Peatlands of the Central Congo Basin, current realities and perspectives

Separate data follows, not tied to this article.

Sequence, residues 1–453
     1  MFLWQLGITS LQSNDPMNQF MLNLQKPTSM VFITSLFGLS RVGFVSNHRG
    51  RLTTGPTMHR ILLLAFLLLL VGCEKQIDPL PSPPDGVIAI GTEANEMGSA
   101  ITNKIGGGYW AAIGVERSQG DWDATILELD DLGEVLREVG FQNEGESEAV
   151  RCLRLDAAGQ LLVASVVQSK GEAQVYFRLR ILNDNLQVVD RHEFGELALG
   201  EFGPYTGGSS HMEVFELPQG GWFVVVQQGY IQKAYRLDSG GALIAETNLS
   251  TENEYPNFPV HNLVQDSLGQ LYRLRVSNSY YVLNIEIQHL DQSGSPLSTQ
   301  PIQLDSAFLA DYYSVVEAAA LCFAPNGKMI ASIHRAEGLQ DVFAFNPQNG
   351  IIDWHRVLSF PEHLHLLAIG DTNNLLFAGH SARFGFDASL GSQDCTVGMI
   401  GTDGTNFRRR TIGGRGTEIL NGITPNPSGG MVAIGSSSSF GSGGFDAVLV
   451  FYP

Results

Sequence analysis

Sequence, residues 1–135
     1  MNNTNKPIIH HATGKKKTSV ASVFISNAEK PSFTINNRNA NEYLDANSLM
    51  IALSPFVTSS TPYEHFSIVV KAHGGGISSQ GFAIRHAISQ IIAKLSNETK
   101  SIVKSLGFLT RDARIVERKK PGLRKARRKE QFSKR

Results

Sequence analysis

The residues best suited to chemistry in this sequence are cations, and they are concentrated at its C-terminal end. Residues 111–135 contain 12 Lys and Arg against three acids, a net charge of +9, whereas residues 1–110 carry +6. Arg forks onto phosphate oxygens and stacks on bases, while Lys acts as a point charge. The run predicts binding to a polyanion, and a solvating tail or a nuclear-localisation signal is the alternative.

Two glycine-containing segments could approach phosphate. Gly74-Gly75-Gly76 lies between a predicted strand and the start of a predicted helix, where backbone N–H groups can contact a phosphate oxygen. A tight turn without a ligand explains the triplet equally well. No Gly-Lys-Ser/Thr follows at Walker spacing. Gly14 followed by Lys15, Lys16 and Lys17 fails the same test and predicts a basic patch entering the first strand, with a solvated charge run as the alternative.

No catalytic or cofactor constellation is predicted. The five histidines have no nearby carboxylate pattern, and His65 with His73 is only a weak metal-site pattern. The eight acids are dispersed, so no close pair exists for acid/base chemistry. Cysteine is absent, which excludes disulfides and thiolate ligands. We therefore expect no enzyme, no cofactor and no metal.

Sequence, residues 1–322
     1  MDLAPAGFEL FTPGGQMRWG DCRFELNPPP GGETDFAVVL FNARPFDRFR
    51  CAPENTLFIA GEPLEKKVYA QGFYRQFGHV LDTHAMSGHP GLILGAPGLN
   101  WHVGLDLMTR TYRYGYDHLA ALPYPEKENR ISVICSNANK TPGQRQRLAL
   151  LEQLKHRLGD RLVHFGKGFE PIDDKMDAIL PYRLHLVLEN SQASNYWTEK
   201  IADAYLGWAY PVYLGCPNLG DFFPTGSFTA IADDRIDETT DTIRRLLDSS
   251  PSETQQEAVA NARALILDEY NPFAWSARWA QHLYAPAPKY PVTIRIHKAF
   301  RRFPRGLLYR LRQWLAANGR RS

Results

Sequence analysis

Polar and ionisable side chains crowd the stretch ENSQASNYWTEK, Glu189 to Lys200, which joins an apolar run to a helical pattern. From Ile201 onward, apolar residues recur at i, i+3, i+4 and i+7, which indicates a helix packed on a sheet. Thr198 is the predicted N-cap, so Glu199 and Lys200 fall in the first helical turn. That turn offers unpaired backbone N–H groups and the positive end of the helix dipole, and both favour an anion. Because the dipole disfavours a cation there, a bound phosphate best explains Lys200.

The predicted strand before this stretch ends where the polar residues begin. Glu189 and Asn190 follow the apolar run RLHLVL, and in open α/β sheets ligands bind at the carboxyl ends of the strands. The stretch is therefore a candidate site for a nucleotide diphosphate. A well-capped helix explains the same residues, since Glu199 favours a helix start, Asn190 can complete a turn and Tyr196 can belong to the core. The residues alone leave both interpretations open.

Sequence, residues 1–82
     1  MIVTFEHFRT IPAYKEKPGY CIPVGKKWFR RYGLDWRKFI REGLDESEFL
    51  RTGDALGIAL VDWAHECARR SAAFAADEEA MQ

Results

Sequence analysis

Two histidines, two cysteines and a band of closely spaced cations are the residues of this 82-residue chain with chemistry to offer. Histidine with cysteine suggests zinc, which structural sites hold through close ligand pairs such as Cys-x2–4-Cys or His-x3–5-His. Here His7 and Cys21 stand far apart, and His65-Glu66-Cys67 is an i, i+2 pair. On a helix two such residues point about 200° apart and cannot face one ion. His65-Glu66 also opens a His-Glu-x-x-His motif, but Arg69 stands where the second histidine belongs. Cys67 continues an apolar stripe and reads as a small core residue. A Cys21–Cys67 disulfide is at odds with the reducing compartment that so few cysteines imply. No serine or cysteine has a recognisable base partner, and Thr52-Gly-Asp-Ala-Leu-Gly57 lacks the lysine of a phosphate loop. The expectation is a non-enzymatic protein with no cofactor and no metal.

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Globally peatland ecosystems -- wetlands with an accumulation of partially decomposed organic matter in the soil -- store the largest amount of terrestrial carbon per unit area (Rydin and Jeglum 2006; Leifeld and Menichetti 2018). Globally peatlands cover almost three percent of the global land surface (Yu et al. 2010; Page et al. 2011; Dargie et al. 2017), representing more than the total carbon stored in Earth’s vegetation and almost twice as much carbon as found within the world’s forests (Crump 2017). Drained and degrading peatlands are a major source of greenhouse gas emissions, annually releasing 5 percent of global anthropogenic greenhouse gas emissions (IPCC 2014), which is expected to increase. Therefore, protection and sustainable management of peatlands and urgent action to restore peatlands including through rewetting can avoid carbon emissions and maintain the carbon stored in the peatland ecosystem (Leifeld and Menichetti 2018; FAO 2020b).
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